GOOD ROADS MOVEMENT
There have been three major road-building movements in the United States. The first good roads movement was for water-bound macadam roads funded by state and local government bonds. This extended from roughly 1880 to 1921 and was confined to the northeastern states and California. The second movement, from 1921 to 1956, saw massive federal funding using taxes raised from gasoline sales to build a nationwide network of bituminous macadam and concrete two-lane roads. This movement had a tremendous effect in the Great Plains. The third movement, which extended nationwide federal funding to high-speed interstate highways, began in 1956 and is essentially now completed.
The first good roads movement had two periods. From 1880 to 1900, farmers granges, the U.S. Post Office, and the organization of bicyclists known by the charming name of the League of American Wheelmen agitated for farm-to-market roads. These were constructed of graded rock bound together with water on the principles laid down in the late eighteenth century by Scottish engineer John Loudon McAdam. Macadam roads lowered the costs of getting farm produce to local railheads, allowed rural free delivery, and made bicycle tourism possible. After 1900 automobilists proved an even more powerful lobby than bicyclists. The first automobiles, imported and expensive, were purchased by wealthy easterners who soon influenced road development, diverting it from farm-to-market roads. As early as 1910, the suburban, intercity, and touring networks of highways funded in states such as Massachusetts and New York were clearly being shaped by elite automobile owners.
During the mid-1910s, automobiles severely damaged the water-bound macadam roads. Trucks, also coming into wide use by the midteens, added to the problem because of their much greater weight and power. A surface was needed that could resist the torque of wheels turned by internal combustion engines. California, which came late to the first good roads movement, proved that concrete and bituminous macadam highways held up far better than the early water-bound macadam, although they were considerably more expensive.
With federal funding the second good roads movement extended to the entire country between 1921 and 1956 the lessons learned during the first. A 1914 map showed that none of the Plains states had any improved highways. In 1921 federal funding of the good roads program provided jobs for World War I veterans returning to rural areas. This movement had a huge and enduring impact on mobility in the Great Plains, especially when combined with the rapid appearance of ever-cheaper automobiles and professional engineering of the road network. Henry Ford was mass-producing his Model T by 1913, prices had fallen below $300 by the early 1920s, and there was a dealer in most county seats in the country by the late 1920s. In 1919 Thomas H. Macdonald, a Colorado native, left his position as chief engineer of the Iowa Highway Commission to become chief of the U.S. Bureau of Public Roads. The bureau embodied the best Progressive Era politics: centralized standards set by professional engineers and experts but localized decision making with regard to the resulting network.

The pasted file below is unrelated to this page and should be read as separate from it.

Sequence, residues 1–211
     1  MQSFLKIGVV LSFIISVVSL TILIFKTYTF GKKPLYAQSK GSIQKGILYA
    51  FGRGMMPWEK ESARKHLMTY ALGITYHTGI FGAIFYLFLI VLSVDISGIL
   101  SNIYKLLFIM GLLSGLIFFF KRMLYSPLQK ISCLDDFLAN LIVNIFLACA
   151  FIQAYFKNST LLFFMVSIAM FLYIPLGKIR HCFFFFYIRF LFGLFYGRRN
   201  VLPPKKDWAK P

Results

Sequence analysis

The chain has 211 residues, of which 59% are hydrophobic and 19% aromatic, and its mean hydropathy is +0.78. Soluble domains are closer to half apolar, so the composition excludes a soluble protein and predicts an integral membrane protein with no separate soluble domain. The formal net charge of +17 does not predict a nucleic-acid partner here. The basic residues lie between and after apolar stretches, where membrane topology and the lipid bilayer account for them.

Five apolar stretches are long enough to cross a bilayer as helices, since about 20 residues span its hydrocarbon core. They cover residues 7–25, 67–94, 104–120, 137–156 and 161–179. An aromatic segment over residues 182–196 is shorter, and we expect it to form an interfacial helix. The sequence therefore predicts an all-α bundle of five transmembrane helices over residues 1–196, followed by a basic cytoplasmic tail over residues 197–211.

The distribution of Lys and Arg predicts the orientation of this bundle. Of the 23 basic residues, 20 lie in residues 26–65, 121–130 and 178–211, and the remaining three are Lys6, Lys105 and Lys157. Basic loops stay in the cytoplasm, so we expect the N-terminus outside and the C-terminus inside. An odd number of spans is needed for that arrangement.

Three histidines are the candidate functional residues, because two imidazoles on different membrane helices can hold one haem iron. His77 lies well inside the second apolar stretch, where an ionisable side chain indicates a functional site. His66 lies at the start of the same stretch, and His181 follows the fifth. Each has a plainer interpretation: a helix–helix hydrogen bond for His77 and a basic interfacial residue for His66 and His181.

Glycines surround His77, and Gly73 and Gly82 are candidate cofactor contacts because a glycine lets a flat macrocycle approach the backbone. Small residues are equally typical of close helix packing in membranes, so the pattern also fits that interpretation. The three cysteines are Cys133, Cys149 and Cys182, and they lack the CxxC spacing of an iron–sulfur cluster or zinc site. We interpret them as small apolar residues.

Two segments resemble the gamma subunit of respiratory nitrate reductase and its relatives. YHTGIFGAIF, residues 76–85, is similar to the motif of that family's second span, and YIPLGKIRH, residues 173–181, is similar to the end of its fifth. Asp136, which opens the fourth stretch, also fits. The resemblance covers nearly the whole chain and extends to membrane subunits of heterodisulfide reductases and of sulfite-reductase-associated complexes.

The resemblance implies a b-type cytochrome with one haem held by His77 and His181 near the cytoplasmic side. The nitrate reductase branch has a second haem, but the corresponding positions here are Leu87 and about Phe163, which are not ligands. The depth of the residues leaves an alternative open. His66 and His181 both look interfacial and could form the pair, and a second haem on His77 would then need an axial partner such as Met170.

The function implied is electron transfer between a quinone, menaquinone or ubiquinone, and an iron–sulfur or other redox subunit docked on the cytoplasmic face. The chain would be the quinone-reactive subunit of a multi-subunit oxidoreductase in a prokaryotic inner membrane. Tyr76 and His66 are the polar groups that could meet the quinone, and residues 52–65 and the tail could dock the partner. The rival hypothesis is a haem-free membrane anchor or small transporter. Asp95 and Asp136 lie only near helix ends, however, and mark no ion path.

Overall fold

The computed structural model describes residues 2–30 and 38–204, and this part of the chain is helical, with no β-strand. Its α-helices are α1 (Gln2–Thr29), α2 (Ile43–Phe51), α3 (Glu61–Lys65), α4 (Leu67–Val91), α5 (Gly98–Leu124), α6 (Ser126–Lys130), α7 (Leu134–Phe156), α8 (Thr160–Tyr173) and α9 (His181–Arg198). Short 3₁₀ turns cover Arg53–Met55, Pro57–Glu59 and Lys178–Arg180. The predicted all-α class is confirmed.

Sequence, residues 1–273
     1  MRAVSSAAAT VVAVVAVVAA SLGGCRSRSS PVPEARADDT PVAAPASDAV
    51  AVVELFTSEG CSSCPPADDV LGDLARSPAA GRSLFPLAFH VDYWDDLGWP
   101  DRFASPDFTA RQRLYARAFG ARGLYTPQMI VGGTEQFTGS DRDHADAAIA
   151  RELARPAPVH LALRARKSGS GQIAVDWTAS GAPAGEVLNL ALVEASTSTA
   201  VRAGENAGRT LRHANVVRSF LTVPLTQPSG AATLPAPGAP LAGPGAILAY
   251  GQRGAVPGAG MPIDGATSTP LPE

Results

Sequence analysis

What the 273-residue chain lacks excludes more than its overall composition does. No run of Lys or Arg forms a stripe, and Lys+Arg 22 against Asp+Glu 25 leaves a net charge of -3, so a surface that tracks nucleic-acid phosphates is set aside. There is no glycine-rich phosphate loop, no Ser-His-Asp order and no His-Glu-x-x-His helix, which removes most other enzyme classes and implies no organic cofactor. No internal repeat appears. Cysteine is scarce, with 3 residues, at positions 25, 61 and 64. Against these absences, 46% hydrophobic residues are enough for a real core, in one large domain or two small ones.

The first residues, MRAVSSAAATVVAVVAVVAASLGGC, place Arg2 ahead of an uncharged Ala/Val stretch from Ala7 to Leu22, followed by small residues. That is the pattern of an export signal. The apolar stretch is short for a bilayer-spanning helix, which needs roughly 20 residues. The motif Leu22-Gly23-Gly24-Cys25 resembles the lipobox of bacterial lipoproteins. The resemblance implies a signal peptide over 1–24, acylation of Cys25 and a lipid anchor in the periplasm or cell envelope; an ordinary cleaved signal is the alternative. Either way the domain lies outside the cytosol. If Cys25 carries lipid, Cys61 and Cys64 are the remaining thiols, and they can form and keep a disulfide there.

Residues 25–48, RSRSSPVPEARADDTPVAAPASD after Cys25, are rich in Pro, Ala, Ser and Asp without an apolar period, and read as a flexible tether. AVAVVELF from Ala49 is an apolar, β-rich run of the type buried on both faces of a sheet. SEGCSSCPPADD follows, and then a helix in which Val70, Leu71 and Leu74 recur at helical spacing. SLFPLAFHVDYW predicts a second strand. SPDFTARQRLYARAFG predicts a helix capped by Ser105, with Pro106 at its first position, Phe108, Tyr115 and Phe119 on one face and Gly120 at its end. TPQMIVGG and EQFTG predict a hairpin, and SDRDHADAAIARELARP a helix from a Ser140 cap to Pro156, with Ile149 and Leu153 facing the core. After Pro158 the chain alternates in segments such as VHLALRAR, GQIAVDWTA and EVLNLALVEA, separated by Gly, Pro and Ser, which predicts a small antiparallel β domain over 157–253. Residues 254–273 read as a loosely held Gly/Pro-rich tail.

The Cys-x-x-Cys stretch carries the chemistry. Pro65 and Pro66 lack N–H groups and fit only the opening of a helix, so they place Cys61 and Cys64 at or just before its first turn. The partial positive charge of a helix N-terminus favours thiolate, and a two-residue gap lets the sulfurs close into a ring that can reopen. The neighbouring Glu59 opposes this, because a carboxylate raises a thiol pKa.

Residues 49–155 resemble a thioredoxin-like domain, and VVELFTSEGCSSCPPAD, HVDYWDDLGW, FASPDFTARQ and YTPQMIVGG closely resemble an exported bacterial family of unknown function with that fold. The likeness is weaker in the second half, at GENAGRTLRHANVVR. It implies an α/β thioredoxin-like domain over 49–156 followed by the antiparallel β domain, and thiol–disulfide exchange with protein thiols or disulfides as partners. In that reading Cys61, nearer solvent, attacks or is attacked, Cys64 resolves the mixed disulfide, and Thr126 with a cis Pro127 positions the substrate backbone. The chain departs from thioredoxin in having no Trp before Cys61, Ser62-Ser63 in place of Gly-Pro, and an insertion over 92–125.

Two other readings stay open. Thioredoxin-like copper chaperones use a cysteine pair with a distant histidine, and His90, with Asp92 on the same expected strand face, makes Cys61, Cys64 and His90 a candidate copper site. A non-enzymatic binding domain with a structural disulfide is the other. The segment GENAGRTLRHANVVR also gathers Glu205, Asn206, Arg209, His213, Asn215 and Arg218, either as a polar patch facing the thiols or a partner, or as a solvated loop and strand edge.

Macdonald's management of public spending during the 1920s and the Great Depression heavily favored rural, less-populated states and renewed the first movement's emphasis on farm-to-market roads. In 1924 Colorado, Kansas, Nebraska, North Dakota, South Dakota, Montana, and Wyoming only had 12 percent of the country's improved roads by mileage, but by 1939 they had 21 percent. Yet in 1938 these states had only 6.5 percent of the country's registered motor vehicles and generated only 5.5 percent of the fuel tax receipts, which were the major source of funding for good roads. By 1939 these seven states had decent statewide networks of two-lane hardsurfaced roads, thanks to the good roads movement.
Peter J. Hugill Texas A&M University
Hugill, Peter J. "Good Roads and the Automobile in the United States 1880–1929." Geographical Review 72 (1982): 327–49.
Seely, Bruce. Building the American Highway System: Engineers as Policy Makers. Philadelphia: Temple University Press, 1987.
Wixom, Charles W. ARBA Pictorial History of Roadbuilding. Washington DC: American Road Builders Association, 1975.